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Teens can relate to these stories

Chris Crutcher's young-adult fiction moves even reluctant readers. But the books have been banned too.

November 14, 2008|Preston Williams | Williams is a writer at the Washington Post.

STRASBURG, VA. — Here's all you need to know about Chris Crutcher, whose young-adult fiction is set against a high school sports backdrop and is a hit with jocks and non-jocks, not to mention readers and supposed nonreaders:

During the morning sessions of an all-day appearance at Strasburg (Va.) High School recently, students approached Crutcher on three occasions and paused while tears welled in their eyes as they talked to him. That's how much his books reflect their lives.

Although Crutcher, 62, has no children, he said that knack comes in part from years of working as a director of an alternative school and as a family therapist dealing with child abuse and neglect cases. And, as he says, "I can get back into my own adolescent head pretty quickly."

He is listed eighth on the American Library Assn.'s list of most frequently challenged authors for 2007 -- Mark Twain is third -- for writing books with blunt themes such as abusive parents, molestation, racism, substance abuse, death, abortion and homosexuality.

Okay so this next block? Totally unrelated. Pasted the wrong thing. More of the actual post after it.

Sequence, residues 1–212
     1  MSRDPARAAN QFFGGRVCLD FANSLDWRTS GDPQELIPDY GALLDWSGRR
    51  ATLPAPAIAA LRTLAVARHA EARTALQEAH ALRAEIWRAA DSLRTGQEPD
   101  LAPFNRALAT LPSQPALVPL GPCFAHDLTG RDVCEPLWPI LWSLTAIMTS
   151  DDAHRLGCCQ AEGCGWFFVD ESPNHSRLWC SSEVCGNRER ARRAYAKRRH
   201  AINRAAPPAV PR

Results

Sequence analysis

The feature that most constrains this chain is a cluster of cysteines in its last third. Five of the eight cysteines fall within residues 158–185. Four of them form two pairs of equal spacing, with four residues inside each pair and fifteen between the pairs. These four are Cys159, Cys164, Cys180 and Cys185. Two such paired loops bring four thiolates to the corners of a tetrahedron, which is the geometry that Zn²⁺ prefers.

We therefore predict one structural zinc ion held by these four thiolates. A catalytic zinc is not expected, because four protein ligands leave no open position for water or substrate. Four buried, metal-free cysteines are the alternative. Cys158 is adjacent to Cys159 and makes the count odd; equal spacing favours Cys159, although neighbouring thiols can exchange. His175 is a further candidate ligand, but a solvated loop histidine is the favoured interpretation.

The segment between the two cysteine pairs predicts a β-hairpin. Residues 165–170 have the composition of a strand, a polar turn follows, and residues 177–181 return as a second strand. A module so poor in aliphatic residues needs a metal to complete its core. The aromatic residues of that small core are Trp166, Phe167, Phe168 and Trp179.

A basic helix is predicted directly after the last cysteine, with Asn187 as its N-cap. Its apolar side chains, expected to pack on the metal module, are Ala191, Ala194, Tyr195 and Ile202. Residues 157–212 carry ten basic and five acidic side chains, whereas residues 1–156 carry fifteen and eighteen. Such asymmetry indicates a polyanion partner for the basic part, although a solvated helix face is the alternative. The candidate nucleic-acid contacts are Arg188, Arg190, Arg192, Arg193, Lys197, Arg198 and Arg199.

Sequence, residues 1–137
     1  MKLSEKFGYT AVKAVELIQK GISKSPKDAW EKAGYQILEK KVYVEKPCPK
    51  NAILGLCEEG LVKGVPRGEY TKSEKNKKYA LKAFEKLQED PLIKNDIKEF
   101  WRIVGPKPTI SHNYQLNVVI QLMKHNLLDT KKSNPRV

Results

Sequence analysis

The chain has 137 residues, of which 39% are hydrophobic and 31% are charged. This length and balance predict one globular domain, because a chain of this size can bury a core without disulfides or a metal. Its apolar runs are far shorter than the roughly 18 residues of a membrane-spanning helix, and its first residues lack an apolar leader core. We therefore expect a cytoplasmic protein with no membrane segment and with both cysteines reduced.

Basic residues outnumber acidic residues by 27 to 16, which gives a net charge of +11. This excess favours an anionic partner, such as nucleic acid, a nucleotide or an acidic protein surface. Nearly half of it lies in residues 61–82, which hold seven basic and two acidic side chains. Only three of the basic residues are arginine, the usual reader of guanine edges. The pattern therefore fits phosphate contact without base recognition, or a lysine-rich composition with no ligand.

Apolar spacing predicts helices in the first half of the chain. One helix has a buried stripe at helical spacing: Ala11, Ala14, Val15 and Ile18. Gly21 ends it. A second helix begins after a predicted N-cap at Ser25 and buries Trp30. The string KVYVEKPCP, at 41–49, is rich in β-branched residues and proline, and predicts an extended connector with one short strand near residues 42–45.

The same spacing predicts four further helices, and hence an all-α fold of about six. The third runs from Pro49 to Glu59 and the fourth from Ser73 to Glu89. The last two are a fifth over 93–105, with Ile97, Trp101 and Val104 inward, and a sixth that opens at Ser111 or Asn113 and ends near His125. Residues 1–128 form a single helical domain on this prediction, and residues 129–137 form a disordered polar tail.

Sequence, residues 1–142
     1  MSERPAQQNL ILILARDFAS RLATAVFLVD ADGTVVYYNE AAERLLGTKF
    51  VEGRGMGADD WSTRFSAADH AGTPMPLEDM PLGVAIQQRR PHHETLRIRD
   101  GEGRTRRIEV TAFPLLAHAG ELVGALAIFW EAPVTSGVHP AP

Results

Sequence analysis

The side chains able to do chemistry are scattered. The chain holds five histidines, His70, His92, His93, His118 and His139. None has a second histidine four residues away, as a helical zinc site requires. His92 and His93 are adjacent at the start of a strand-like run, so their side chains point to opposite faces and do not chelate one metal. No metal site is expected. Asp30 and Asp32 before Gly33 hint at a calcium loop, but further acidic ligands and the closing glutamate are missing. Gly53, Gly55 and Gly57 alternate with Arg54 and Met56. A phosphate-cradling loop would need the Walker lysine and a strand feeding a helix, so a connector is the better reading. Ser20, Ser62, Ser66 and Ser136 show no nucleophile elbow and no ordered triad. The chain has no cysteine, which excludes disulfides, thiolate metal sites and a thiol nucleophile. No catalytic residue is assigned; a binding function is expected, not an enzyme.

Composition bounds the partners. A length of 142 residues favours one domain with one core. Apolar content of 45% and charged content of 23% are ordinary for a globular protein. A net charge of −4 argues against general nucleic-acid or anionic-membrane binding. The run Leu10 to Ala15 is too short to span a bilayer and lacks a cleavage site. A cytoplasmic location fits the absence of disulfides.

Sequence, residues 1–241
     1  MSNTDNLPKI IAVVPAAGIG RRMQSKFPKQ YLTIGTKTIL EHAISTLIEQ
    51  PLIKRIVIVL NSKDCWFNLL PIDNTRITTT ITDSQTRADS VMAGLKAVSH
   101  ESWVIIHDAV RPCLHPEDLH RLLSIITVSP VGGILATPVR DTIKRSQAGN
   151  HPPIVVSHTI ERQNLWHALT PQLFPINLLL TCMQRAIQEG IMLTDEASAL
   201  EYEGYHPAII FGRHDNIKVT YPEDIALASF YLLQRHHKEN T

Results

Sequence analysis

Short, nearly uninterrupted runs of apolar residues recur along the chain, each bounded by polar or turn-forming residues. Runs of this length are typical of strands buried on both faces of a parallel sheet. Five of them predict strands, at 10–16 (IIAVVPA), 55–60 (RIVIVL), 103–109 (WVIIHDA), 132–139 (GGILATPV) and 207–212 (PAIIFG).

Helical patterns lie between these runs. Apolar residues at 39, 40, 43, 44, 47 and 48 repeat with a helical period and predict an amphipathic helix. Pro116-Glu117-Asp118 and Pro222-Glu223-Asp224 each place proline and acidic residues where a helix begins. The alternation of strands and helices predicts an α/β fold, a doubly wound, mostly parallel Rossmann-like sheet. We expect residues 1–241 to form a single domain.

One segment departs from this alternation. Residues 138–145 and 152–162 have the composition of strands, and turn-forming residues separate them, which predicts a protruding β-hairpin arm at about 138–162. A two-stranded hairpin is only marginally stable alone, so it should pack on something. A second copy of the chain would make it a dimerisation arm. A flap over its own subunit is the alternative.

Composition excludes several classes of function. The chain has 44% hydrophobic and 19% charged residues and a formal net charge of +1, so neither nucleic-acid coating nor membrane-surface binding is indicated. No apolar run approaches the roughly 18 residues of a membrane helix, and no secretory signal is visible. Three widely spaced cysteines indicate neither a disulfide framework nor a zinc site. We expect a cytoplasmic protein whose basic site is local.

Five of his works were on an ALA list of the best books for young adults from 1966 to 2000.

"Besides the Harry Potter books from when the kids are in younger grades," said Katy Ferrell, who teaches a "reluctant readers" class at Strasburg, "I haven't seen anything like this before."

One could say that Crutcher has enhanced more young lives while sitting in Spokane, Wash., writing for strangers, than he did in years of working with troubled kids. He said it's a case of readers "bringing their own history to the story."

Junior Derek Buckley admitted he "wasn't really into reading before this. But once I started reading these, I got into them. They're really edgy. He tells a good story. You get attached to it."

Crutcher, too, wasn't into reading when growing up in Cascade, Idaho. He would reword his older brother's book reports to avoid reading the material. Not until he picked up Harper Lee's "To Kill a Mockingbird" did he realize what he had been missing.

There are good guys and bad guys in Crutcher's worlds, but his main objective is honesty. When he reached his 20s, Crutcher said, he realized his upbringing "sugar-coated" the world instead of preparing him for it. He wants young readers to be exposed to the kind of sticky life situations from which he was sheltered.

Crutcher said he visits about 30 high schools a year and enjoys chatting with students. He said the talks help him with teen dialogue. But when he speaks at public libraries, he said, about 90% of his audience is adults who who say they would have been helped by his stories.

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